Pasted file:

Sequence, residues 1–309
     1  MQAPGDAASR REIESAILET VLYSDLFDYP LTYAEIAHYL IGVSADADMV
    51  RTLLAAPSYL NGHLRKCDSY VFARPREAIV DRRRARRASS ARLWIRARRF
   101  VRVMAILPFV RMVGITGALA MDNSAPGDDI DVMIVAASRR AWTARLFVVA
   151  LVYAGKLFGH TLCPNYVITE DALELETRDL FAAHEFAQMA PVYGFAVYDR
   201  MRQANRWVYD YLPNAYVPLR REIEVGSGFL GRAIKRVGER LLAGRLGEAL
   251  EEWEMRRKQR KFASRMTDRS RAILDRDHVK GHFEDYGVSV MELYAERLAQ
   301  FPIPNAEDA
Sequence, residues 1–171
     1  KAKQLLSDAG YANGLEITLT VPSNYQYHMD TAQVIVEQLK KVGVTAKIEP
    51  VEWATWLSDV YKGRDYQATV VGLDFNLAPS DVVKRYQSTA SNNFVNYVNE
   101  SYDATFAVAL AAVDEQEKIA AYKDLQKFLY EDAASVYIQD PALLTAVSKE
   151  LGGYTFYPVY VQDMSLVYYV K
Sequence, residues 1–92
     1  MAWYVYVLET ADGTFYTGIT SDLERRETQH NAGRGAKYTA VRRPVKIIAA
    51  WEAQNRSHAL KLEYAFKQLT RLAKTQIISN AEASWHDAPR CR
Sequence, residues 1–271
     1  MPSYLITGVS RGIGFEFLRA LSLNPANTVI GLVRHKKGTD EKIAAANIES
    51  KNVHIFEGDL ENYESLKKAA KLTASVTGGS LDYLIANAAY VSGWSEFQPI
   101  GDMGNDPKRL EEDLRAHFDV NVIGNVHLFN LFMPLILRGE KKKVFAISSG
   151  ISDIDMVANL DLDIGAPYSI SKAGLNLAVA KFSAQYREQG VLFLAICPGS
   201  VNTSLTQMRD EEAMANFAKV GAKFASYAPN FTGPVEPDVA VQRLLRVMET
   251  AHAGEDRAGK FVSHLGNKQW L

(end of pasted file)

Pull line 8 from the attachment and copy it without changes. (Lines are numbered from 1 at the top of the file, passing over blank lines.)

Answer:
   301  FPIPNAEDA